American Superiority

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In his series of essays and "letters" on American life,
Michel-Guillaume-Jean de Crevecoeur gives his readers numerous examples of the superiority of America to all other countries of that time. He believes that one reason for superiority is that America is with out the aristocracy so prevalent in Europe at the time, which led to a hard working and socially equal society. Another reason
Crevecoeur sees America as a superior society is the accepting, and assimilating into one new race, the poor peoples from all European countries. This led to an extraordinarily diverse population, much more diverse than any one of the European countries eight-tenth century. It was for these reasons, as well as many others that
Crevecoeur saw America as the greatest nation of the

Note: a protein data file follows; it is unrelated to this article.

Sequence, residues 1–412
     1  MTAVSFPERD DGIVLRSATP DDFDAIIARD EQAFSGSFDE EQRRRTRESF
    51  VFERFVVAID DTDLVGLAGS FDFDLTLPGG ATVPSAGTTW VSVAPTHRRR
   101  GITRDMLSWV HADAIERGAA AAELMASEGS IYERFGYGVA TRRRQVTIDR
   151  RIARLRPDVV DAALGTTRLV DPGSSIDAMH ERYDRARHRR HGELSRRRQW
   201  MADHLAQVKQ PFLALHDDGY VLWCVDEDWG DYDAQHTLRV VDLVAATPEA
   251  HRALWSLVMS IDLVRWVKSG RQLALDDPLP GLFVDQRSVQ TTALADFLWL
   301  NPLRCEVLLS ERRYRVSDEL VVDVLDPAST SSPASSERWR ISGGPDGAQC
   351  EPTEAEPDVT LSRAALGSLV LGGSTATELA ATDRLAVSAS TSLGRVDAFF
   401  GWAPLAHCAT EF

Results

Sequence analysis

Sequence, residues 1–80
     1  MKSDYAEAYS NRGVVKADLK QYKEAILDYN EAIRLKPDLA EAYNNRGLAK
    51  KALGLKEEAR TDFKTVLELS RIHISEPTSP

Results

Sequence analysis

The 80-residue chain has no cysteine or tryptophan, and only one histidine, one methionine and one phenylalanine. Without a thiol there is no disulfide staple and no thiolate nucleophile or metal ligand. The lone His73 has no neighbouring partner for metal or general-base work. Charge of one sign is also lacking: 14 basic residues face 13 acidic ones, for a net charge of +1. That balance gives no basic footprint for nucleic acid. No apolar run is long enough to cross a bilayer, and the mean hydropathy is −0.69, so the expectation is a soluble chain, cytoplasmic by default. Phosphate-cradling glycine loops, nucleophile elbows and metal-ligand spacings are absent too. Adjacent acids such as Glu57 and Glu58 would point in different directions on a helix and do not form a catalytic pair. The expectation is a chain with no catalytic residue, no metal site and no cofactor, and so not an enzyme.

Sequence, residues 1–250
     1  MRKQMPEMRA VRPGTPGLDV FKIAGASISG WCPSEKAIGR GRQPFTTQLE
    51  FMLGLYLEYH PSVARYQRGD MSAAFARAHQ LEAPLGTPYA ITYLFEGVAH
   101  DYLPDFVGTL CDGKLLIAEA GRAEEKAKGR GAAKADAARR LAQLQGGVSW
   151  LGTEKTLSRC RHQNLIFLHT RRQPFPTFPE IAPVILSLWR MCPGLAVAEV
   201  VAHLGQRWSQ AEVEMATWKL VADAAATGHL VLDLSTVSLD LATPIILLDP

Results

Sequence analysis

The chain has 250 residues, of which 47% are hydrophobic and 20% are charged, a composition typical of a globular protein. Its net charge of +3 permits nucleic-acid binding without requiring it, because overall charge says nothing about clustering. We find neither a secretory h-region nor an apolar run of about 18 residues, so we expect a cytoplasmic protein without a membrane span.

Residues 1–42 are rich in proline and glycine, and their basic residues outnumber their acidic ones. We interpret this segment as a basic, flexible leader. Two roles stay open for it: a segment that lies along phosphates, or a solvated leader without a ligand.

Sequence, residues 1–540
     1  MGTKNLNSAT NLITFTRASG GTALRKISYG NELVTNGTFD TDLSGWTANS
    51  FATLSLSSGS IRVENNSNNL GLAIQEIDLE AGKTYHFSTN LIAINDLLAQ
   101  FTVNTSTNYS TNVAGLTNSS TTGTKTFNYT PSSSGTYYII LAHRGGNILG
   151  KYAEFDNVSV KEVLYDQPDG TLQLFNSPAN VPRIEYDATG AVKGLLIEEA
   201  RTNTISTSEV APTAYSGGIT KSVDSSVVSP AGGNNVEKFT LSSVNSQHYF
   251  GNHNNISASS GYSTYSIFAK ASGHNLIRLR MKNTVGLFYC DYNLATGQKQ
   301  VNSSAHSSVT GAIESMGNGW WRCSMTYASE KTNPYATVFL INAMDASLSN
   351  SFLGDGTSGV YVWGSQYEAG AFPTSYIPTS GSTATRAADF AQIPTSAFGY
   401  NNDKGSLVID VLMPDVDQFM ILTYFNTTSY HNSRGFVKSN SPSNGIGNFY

Crevecoeur admires the equality and the freedom of the
American people. He sees life without the harsh rule of kings and bishops as much more easy going and pleasing to the general public. The lack of an established aristocracy allows for the rich and the poor to intermingle and exchange ideas in a way never thought before in Europe.
The classes were also brought to a single level by the fact that all people in the colonies had to work to survive. The rich and poor alike had to, at first, work their own land to supply food and income to support themselves and their families. This requirement for work led to the American people being very industries and self sufficient, even under adverse conditions....
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